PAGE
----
Many STPs failing to engage with the voluntary sector
NAVCA has published their annual survey on relations between the voluntary sector and the local health and care system. It shows that although relationships are improving overall, in some key areas the voluntary sector is frozen out; Sustainability and Transformation Plans (STPs) where local health services are commissioned are a particularly worrying example.
The findings are from an online survey that ran in November and December 2016 and attracted 72 responses. The answers provide valuable information about how local health bodies are working with their local voluntary sector, a key aim of the NHS’s Five Year Forward View.
STPs bring the NHS and local councils together in 44 areas across England to improve health and care. Many are criticised for not doing enough to consult with local people and NAVCA’s survey findings bear this out - only 16 per cent of respondents described involvement as good (just one said it was excellent). However, this shows that although engagement is poor overall, good engagement is possible and STP planning teams must learn from the good examples.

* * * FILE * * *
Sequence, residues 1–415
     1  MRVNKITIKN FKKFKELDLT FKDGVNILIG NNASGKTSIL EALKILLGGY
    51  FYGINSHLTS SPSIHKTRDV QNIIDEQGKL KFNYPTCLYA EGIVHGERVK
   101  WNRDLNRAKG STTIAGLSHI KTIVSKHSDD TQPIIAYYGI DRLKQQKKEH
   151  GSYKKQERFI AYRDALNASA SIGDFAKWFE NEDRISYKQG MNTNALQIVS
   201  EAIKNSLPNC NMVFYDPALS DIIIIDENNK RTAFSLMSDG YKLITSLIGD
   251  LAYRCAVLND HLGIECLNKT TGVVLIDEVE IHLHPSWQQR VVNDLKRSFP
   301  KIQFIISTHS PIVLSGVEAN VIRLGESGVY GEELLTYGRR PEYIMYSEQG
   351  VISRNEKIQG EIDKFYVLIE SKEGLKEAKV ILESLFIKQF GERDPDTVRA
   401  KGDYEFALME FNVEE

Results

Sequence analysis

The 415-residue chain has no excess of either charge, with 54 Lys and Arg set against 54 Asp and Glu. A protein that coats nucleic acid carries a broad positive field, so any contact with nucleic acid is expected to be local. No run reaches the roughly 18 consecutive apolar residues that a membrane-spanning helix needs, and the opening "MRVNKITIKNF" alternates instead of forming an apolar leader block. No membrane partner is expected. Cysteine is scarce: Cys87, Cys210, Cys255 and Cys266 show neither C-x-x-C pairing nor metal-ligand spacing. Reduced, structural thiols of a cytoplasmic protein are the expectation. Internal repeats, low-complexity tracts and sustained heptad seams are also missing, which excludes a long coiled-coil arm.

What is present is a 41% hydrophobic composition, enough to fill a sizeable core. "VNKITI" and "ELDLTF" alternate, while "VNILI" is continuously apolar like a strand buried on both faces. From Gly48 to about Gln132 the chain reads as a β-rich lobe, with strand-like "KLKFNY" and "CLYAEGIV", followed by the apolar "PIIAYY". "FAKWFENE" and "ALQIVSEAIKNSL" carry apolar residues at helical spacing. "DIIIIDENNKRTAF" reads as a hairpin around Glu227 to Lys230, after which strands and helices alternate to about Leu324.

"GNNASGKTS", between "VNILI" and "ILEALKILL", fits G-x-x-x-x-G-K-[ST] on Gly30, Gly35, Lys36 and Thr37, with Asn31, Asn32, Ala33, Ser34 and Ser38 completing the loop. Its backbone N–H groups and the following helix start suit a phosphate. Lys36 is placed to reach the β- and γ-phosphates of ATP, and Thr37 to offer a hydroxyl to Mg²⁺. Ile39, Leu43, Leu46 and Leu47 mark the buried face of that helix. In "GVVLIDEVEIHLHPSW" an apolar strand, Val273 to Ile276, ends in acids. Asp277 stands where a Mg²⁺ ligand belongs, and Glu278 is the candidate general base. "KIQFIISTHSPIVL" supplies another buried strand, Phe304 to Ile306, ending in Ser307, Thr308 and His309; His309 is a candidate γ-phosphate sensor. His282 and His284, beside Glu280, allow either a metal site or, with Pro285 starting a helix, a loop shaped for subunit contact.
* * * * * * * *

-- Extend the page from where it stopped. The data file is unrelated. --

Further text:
Other findings are:
- Generally relationships are getting better, 43 per cent seeing an improvement and 20 per cent saying it’s getting worse. This follows a similar pattern from previous years.
- There is voluntary sector representation on 79 per cent of Health and Wellbeing Boards, something NAVCA has long campaigned for.
- Relationships with CCGs continue to improve but 20 per cent of respondents said the relationship is poor and 3 per cent said it is non-existent. This is worrying as NHS England recognises local infrastructure is crucial to working with the local voluntary sector.
- The majority of NAVCA members have good or excellent relationships with their local Healthwatch.
- NAVCA members’ involvement with JSNAs has fallen, with nearly a half saying it is poor (23 per cent) or non-existent (25 per cent).
Neil Cleeveley, Chief Executive of NAVCA, said;
“The NHS is facing unprecedented pressure and needs the help of the voluntary sector. Simon Stevens, the chief executive of NHS England, made this clear in the NHS Five Year Forward View.”
“NHS England has also said that local voluntary sector infrastructure is key to helping the NHS work with local and smaller organisations. This survey identifies where the NHS locally is getting it right and that’s to be celebrated. We need those local NHS bodies that are not engaging with their voluntary sector to raise their ambitions”.